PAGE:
Energy and protein requirements for maintenance of dairy goats during pregnancy and their efficiencies of use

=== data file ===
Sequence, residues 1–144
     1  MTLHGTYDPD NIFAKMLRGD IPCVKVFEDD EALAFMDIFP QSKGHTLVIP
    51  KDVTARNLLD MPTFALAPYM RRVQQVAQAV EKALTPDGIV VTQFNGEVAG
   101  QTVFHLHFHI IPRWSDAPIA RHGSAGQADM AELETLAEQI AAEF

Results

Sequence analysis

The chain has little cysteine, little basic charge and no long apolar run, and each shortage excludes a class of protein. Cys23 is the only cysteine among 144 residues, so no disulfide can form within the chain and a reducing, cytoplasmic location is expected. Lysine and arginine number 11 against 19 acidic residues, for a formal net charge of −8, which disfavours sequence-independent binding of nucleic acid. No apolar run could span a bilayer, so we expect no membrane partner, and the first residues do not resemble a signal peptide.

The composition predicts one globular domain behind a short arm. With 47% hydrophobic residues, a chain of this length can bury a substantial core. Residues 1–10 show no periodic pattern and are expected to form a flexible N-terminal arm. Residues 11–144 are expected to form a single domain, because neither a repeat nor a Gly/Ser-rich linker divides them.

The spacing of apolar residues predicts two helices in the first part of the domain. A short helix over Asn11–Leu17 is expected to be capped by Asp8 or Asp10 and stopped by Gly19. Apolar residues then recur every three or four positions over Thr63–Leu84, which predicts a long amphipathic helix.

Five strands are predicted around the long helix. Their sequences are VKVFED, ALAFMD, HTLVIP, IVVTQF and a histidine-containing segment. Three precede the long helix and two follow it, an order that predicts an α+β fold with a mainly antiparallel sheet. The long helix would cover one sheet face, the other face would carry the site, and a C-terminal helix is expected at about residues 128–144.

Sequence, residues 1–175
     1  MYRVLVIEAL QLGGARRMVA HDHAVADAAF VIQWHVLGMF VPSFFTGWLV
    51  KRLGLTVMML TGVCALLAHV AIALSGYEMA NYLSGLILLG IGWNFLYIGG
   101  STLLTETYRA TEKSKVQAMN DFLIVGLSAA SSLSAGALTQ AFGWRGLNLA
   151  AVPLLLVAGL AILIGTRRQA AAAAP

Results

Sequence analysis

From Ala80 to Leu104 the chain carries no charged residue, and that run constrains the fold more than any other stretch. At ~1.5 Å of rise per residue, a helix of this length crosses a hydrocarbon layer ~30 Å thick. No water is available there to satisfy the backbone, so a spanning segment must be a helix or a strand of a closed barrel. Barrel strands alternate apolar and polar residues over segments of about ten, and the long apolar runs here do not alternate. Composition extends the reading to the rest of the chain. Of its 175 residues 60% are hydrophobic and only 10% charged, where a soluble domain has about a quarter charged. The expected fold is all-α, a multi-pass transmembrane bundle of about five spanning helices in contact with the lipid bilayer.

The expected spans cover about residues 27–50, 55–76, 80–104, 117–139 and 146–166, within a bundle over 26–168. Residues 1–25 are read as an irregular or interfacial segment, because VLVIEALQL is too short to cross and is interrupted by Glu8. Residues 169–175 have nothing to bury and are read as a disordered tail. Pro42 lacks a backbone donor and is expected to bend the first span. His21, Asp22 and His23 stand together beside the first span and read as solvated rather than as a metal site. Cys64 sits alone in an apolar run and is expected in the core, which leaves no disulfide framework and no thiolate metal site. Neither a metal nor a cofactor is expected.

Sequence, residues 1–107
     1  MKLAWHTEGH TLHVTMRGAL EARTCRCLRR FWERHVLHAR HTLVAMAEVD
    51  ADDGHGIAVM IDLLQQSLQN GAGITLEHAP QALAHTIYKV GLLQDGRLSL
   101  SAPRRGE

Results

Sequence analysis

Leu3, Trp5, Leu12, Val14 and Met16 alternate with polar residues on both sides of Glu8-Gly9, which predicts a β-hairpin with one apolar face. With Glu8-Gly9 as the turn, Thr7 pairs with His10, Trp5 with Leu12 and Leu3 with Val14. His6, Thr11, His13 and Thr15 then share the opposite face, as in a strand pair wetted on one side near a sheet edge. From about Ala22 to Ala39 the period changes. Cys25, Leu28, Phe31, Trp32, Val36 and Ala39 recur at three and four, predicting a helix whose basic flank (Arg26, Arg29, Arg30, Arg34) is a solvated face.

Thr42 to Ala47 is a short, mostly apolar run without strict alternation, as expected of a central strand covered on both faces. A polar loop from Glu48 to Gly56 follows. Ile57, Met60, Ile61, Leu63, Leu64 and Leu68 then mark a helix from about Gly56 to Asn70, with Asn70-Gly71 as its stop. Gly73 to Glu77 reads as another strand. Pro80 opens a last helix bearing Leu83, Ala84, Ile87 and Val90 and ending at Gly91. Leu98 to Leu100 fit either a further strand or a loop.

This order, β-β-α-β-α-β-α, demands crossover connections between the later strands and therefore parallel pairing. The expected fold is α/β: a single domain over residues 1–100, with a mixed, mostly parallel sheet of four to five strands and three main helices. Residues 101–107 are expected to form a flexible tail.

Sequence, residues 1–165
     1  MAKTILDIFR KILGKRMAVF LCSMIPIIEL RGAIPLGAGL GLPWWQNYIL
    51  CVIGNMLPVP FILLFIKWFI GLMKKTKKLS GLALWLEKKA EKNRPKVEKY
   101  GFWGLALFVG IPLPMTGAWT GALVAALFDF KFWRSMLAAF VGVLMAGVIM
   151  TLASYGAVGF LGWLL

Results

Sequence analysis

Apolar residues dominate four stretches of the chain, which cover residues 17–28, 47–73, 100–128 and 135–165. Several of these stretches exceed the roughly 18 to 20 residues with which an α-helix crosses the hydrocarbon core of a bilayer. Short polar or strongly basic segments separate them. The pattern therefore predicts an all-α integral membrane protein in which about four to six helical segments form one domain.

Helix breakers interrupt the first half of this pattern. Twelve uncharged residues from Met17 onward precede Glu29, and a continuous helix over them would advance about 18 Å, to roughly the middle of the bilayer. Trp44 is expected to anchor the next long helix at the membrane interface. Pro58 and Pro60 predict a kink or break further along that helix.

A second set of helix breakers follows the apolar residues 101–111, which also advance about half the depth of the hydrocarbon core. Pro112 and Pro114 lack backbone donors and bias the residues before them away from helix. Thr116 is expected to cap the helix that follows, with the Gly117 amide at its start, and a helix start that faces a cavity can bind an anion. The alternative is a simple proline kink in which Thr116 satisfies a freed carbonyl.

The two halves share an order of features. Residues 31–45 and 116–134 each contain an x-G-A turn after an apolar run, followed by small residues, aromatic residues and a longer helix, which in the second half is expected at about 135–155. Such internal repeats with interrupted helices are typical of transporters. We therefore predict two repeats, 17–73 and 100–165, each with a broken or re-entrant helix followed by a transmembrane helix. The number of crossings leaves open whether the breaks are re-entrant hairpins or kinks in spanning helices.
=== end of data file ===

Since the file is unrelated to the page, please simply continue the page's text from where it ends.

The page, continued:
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It has been suggested that maintenance requirements are similar among animals of different physiological stages; however, important physiological changes occur in the maternal body during pregnancy. Therefore, the aim of this study was to determine the energy and protein requirements for the maintenance of pregnant dairy goats and to estimate their efficiency of energy and protein utilization for maintenance and pregnancy. We used 66 mul-tiparous pregnant goats having 49.0 ± 1.59 kg initial BW (around the third or fourth parturition) arranged in a randomized block design with a 3 × 3 factorial scheme including slaughter at different days of pregnancy (DOP; 80, 110, and 140 d) and feed restriction (0, 20, and 40% feed restriction). The comparative slaughter technique was used to estimate energy and protein maintenance requirements. Goats slaughtered at 140 DOP were subjected to digestibility trials at around 80, 110, and 140 DOP to estimate diet metabolizability and N balance (NBAL). Metabolizability decreased with feed restriction and was 63.3 ± 2.16, 55.7 ± 2.35, and 58.2 ± 2.30% at 0, 20, and 40% of feed restriction, respectively (P < 0.01). There was no effect of DOP on NEm or the requirements of ME for maintenance (MEm), which were 197 and 315 kJ/kg empty body weight (EBW)0.75, respectively, and the efficiency of ME utilization for maintenance (kmE) was 0.63. Similarly, DOP did not affect thedaily net protein requirements for maintenance (NPm) estimated using the comparative slaughter technique (1.38 ± 0.512 g/kg EBW0.75; P = 0.003) or the NPm estimated using NBAL (2.49 ± 0.594 g/kg EBW0.75; P < 0.01). The MP requirement for maintenance (MPm) estimated using the comparative slaughter technique was not affected by DOP and was 3.22 g MP/kg EBW0.75 (P < 0.01). The efficiency of MP utilization for maintenance (kmP) was 0.43. The efficiency of ME utilization for pregnancy (kpE) increased with the progress of pregnancy and was 0.058, 0.10, and 0.19 at 80, 110, and 140 DOP, respectively. Similarly, the efficiency of MP utilization for pregnancy (kpP) increased with DOP and was 0.12, 0.21, and 0.43 at 80, 110, and 140 DOP, respectively. There was no evidence that pregnancy affected NEm, MEm, NPm, and MPm or kmE and kmP, which were also unaffected by DOP. However, kpE and kpP increased with pregnancy progress as a response to the physiological changes that pregnant females are subjected to.
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